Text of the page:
Today we have our second guest post for this month! Today we have Anne Tibbets here to talk to you about building character. Anne has written two great new adult dystopians, Carrier and Walled.
Synopsis for Carrier: Twenty-two-year-old Naya has spent nearly half her life as a sex slave in a government institution called The Line. Excommunicated after getting pregnant with twins, she's left with no way to earn a living and a horrifying choice to make: find someone to replace her at the institution by the time she gives birth, or have her babies taken in her stead.
Ric Bennett wants to help. A doctor with a history of aiding ex-Line girls, he runs a team of rebels that can delete Naya's records, prevent her from having to make an impossible choice, and free her forever. But when his plan is sniffed out, things get bloody, fast. The Line wants them back. The organization has discovered information about Naya and her twins that make them more valuable than just sex slaves. It makes them dangerous—and part of The Line's larger plan.
As they hide from government search parties, Ric comes to admire Naya's quiet strength. And Naya realizes Ric might be a man she can trust. If they make it off the grid, they could build a new life. But first they'll have to survive the long, vicious reach of The Line.
Synopsis for Walled: Freedom means making brutal choices.
Rebel lovers Naya and Ric have survived one year in hiding, raising Naya's twins from infants to toddlers in the shadow of the brutal Auberge dictatorship. They're alive, and they're together, but the city is crumbling around them and the haunting memory of Naya's dark days on The Line have never fully left them. Living in isolation won't be an option forever.
When a mysterious revolutionary seeks their help to infiltrate Auberge's electronic heart and shut it down, it's an opportunity—it's risky, yes, but if it works they'll get out of the city and taste freedom for the first time. Naya needs this. They need this.
Beyond the broken walls of Auberge, Naya and Ric find the paradise they've always longed for. But with anarchy reigning and Naya's children lost amidst the chaos, they'll need to forfeit their post-apocalyptic Eden…or commit an unspeakable act.
Guest Post: When I start writing a new book, I hear character voices in my head. It’s a healthy kind of schizophrenia. For me, building a character can be as simple as listening to the voices and letting them tell me who they are. But in the interest of instruction, here are some steps I take that help me mold that character beyond their words and into a well-rounded individual.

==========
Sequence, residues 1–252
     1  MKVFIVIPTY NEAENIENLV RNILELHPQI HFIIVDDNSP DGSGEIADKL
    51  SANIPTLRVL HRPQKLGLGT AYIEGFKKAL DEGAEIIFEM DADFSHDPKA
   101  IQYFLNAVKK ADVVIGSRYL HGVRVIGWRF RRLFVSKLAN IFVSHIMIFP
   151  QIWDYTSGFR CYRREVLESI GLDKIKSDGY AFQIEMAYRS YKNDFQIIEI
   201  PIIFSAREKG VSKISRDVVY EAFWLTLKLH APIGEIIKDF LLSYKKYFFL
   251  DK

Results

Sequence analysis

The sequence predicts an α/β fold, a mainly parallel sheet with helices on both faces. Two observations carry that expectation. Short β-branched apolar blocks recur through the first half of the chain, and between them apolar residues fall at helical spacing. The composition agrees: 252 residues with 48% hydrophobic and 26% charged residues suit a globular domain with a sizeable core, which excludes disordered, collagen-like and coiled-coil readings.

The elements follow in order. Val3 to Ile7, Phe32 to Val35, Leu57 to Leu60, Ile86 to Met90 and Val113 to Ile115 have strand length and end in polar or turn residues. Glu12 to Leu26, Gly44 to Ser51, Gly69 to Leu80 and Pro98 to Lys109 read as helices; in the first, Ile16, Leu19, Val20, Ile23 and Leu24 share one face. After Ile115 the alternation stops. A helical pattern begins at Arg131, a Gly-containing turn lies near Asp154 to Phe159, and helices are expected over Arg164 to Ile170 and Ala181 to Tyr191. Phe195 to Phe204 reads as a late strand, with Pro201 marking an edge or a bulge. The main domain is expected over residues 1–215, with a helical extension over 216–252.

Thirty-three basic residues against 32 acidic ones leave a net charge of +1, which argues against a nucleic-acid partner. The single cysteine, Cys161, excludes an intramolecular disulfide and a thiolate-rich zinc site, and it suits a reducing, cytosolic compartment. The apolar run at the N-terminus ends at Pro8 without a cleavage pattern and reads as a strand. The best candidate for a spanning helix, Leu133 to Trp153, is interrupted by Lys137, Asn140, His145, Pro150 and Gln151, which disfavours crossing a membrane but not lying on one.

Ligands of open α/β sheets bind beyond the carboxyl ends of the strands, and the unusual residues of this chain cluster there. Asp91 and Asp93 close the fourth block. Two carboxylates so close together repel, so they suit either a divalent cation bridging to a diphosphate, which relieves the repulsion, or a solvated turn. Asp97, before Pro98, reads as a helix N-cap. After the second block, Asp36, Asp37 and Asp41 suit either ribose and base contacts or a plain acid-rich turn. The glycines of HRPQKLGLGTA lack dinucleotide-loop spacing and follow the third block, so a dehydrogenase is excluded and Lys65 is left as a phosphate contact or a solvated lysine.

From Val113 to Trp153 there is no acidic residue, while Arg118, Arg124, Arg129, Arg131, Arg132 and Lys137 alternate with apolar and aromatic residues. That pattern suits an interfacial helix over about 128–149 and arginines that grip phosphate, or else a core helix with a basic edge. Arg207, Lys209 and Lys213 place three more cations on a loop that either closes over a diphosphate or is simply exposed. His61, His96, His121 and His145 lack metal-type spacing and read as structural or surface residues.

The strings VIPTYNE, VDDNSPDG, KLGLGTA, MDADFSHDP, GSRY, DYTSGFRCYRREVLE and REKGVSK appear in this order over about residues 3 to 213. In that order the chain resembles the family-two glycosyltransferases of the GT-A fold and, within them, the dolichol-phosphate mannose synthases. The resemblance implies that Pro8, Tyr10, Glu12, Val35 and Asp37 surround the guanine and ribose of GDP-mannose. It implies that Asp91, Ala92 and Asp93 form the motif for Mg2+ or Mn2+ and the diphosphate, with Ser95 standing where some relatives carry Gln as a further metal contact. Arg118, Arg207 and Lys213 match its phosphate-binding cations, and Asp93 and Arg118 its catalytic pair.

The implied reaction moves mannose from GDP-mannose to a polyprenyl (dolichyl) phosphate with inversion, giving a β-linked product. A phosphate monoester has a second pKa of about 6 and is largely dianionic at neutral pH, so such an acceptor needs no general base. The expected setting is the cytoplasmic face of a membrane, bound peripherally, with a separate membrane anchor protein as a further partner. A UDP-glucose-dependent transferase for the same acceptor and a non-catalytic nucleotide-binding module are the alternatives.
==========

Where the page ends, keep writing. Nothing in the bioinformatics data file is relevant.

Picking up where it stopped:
Have you ever listened to people talk? Not looked, but just listened? I used to be legally blind (I had laser eye surgery several years ago), but back when I was “blind,” and when I was feeling overwhelmed, I would sometimes take my glasses off and just listen. At school, while watching TV, at a family dinner – anywhere really, and I would let their voices penetrate my brain. Everybody talks differently. Some people squeak when they get excited. Some people drop their voices when they get angry. Some people choke right before they’re going to laugh. Some people use the same words over and over. Some smack their lips after every sentence, or inhale loudly before speaking. I challenge you to find your character’s voice.
Now, I know when you hear ‘voice’ you think that editors are talking about word choice, and cadence, and tone and mood of the character’s narration – and you need to work on that, too. But when I speak of voice (no pun intended), I mean the tambour, the inflections, the vocal ticks and mannerisms. If you add those to your word choice and character narration, etc., and you have already created a character with more personality than half the real life people I’ve met.
I can’t tell you how many times I’ve watched a romantic comedy movie where one character tells another, “You’re so cynical!” And either a) we, the audience, have already figured that out, so it’s unnecessary for the other character to even mention it, or b) we, the audience, are perplexed because the supposedly cynical character hasn’t acted cynical AT ALL.
Don’t do this. If you give a character a flaw, for example, let’s give our hero a nasty temper – let this temper play into the story. Let the reader see this temper flare, more than once, and have it affect everything. Don’t just list the character’s flaws and then have them act like flawless robots; make it count. Make the flaws factor into the plot, their relationships, how the other characters talk/deal with them. Have it happen at the worst possible moment. Use your character’s flaws as a means to add depth and complexity to the story by making it matter – because giving a character flaws and then not using them is just a waste of a good opportunity.
This is just the tip of the iceberg when it comes to building characters. But if you do these two things, then you are on your way to creating a richer reader experience and building characters that will live not just in you, but on the page.
Olivia's Question: Which character is your favourite from any book?